Presidential hypocrisy: How Bush lied to evangelicals to get their votes
David Kuo, a former member of Bush’s Office of Faith-Based and Community Initiatives, appeared on 60 Minutes yesterday. In the interview with Lesley Stahl, Kuo said that White House staffers called evangelicals “nuts” and “goofy,” that “important Christian leader[s]” were “mocked by serious people in serious places,” that people in the White House called Pat Robertson “insane” and Jerry Falwell “ridiculous,” and that it was determined that James Dobson “had to be controlled”.
All this on top of Kuo’s completely credible assertion that President Bush was never serious about implementing his so-called “compassionate” agenda, that it was all political, that many up top bought into the politics: “This message that has been sent out to Christians for a long time now: that Jesus came primarily for a political agenda, and recently primarily a right-wing political agenda — as if this culture war is a war for God. And itâ€™s not a war for God, itâ€™s a war for politics. And thatâ€™s a huge difference.”
The White House is fighting back — in predictable fashion. It calls his new book, Tempting Faith: An Inside Story of Political Seduction, “ridiculous”. The ad hominem attacks have begun. That’s how Bush’s White House works. If you can’t win on the substance — and they can’t — go personal. Swiftboat them. Destroy them. Kuo is just the latest dissenter, the latest insider source, the latest target.
The hypocrisy is evident. Bush used (and clearly still uses) the religious right for political gain. He often says what it wants to hear, and he may somewhere in his heart be there himself, but his real goal has long been to benefit his corner of the oligarchy as much as possible — through tax cuts for the wealthy, industrial and environmental deregulation, the partial privatization of social security, pharma-friendly health care, and the like. His neoconservatism in foreign policy is new, post-9/11. And his so-called “compassionate conservatism” has been about turning out the vote, that is, about getting himself elected.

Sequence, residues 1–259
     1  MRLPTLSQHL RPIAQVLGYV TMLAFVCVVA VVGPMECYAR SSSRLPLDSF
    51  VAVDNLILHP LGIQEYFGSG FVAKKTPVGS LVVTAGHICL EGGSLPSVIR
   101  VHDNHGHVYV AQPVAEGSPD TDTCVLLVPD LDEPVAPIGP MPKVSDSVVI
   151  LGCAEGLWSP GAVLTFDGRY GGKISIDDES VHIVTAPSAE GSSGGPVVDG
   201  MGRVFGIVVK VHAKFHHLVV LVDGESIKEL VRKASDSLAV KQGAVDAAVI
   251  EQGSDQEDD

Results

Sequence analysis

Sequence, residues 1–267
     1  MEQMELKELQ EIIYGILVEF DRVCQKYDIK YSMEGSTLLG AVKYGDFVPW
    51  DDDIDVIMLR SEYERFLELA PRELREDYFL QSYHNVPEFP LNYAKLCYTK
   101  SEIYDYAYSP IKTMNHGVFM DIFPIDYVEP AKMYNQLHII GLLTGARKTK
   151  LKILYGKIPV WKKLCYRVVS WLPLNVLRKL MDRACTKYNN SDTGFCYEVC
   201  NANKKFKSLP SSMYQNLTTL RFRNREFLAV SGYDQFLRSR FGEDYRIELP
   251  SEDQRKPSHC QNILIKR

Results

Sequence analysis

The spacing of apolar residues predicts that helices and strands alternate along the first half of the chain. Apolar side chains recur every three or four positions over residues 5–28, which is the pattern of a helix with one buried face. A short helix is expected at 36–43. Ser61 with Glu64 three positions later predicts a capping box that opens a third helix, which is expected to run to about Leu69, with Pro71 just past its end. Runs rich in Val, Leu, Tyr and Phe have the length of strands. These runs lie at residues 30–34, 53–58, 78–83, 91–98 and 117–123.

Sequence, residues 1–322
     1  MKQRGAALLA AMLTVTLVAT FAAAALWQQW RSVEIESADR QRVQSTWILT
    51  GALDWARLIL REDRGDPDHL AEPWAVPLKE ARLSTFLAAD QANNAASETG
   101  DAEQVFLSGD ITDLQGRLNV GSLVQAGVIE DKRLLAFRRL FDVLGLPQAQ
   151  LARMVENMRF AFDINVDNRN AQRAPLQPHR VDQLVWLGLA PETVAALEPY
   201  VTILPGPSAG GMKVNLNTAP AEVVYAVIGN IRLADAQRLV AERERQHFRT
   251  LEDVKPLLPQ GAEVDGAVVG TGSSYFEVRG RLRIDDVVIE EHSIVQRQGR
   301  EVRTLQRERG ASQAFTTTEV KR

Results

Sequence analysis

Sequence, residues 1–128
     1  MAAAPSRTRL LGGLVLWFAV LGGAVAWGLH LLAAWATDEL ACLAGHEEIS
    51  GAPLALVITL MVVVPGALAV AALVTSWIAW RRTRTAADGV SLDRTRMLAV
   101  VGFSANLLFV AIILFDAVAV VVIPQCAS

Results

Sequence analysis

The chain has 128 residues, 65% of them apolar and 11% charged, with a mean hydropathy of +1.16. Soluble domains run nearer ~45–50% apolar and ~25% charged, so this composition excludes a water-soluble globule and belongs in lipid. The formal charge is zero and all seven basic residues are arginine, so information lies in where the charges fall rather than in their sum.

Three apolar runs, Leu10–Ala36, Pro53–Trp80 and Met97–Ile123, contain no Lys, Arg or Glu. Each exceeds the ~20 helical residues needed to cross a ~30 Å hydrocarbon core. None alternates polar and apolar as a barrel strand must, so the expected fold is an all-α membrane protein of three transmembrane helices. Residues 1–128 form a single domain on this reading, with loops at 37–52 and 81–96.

And yet, though I find the hypocrisy distasteful, I cannot criticize Bush for not doing enough for evangelicals. Kuo is a critic on the right, after all. For him, Bush just wasn’t politically evangelical enough. For me, a social liberal who opposes evangelism in the White House, just as I tend to oppose religion in politics generally, Bush’s White House was right not to push any sort of “compassionate” agenda. Note the distinction, though: It was right not to push the agenda, but it was not right to go about it the way it did. For this, I hope evangelicals see Bush for what he is and stay away from the polls in November. All Bush ever wanted was their votes, after all, votes that would buy access but no power.
Indeed, I am tempted for the first time in a long time to say something positive about Bush’s White House. In my view, it speaks well of it, to review, that White House staffers called evangelicals “nuts” and “goofy,” that “important Christian leader[s]” were “mocked by serious people in serious places,” that people in the White House called Pat Robertson “insane” and Jerry Falwell “ridiculous,” and that it was determined that James Dobson “had to be controlled”.
There has been so much nonsense from this White House, if I may be so euphemistic, but these ad hominem attacks, ones that Kuo himself has no doubt already been on the receiving end of, suggest that in some hypocritical and dysfunctional way there was some sense there on this matter at least.
(h/t: Crooks and Liars, which has the video.)